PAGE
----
5. In some places, people don’t want you to step on their beautiful green turf. Kids can’t play in their own neighborhoods for lots of reason now days. But it’s not just the kids, people don’t neighbor as much anymore. The neighbors used to be friends, now they are only acquaintences. I thought Holloween was cool when I was a kid, visiting with the neighbors and then later getting to guess who the people were in their costumes. I have even seen now days that people forbid their kids from taking part in Holloween for religious reasons. They are afraid of what? Especially with all the wrong things that people are idolizing. Just leaves more candy for the rest of us!

  6. Mistakes are excusable. Even honest ones with bad consequences. The guy who spills coffee on himself and wrecks and kills a family of four- tragic mistake. But do you drink coffee on the highway? Could you make that same mistake? Do you talk on a cell phone behind the wheel?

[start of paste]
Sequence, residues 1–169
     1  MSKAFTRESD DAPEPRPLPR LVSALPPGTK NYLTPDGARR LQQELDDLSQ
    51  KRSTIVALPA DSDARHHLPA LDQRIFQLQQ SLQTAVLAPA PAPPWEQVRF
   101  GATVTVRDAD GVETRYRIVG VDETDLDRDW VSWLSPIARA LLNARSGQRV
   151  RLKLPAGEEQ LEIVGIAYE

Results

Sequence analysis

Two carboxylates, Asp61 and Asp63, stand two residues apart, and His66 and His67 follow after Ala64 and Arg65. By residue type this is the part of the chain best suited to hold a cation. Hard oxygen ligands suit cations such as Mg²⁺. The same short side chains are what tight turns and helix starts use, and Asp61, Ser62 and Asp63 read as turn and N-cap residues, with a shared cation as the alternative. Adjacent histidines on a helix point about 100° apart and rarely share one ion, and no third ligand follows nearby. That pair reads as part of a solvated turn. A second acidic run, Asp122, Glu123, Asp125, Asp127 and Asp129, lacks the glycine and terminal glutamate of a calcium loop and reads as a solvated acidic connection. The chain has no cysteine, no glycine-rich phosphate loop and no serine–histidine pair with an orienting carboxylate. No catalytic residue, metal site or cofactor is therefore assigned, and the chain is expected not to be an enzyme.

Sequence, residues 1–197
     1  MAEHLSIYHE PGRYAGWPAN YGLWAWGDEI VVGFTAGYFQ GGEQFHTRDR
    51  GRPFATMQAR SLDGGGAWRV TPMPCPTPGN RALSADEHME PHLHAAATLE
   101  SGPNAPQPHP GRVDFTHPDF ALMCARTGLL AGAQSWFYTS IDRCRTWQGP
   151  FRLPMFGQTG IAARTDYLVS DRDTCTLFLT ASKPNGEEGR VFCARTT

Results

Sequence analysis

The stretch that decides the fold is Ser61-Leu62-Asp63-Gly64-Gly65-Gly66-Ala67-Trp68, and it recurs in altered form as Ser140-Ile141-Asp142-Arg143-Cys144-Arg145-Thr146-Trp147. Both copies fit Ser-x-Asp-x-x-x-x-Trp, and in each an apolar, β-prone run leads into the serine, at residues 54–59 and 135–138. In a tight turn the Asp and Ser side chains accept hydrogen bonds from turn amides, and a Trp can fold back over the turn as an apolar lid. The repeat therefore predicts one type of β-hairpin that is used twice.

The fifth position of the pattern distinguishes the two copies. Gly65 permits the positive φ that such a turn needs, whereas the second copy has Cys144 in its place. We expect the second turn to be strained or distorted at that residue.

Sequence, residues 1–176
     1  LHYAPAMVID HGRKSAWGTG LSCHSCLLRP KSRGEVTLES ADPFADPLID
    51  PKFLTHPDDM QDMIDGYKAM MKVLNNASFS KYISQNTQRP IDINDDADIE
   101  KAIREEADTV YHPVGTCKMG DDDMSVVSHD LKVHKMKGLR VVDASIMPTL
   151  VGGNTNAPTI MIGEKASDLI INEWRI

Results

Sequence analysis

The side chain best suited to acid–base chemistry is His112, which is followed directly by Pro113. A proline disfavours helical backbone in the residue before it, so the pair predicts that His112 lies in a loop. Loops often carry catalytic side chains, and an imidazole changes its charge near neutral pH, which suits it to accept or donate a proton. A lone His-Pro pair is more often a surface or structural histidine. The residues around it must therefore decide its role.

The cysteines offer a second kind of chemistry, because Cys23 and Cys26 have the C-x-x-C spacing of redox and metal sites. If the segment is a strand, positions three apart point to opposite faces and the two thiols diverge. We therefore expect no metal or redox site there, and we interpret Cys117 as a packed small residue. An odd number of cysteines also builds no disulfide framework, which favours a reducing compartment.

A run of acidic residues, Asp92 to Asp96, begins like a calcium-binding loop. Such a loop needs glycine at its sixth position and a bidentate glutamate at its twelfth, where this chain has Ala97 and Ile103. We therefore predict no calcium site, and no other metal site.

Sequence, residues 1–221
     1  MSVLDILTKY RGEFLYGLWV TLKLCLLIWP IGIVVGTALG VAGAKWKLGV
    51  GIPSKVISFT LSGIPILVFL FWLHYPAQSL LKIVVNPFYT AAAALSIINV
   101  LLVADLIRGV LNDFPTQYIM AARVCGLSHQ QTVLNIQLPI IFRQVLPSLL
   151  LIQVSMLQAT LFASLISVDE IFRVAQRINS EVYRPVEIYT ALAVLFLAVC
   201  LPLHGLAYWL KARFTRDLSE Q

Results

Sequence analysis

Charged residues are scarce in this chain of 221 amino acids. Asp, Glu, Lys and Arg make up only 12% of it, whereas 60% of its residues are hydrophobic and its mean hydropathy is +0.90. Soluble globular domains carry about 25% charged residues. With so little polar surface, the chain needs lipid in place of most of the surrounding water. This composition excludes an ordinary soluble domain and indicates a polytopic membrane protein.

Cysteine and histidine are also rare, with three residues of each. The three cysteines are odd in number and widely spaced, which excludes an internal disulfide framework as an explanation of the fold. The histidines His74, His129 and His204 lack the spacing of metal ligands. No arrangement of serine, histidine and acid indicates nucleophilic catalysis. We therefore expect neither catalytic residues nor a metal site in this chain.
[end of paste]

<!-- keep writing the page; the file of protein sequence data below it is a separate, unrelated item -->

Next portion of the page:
The pastor apologized. He admitted it was wrong. That’s the end of it. Or it would be for everyone who is not so self-righteous that they think they have never made any mistakes. And I guarantee you this much. You and I and everybody else whose lived healthily on this earth for any length of time have made far greater mistakes. Thank God those mistakes are excusable!
    Just be sure to judge yourself with the same judgment you judge this church.
    And finally, did you bother to report on the homeless and hungry this church has fed? Have you investigated any good this church had done for hurting people in her community and around the world?
    If not, you are not a credible source for commentary on this matter and THAT… is inexcusable.
    not really- but you get the point.

    • 1. Not all mistakes are excusable. They may be forgivable, but not excusable.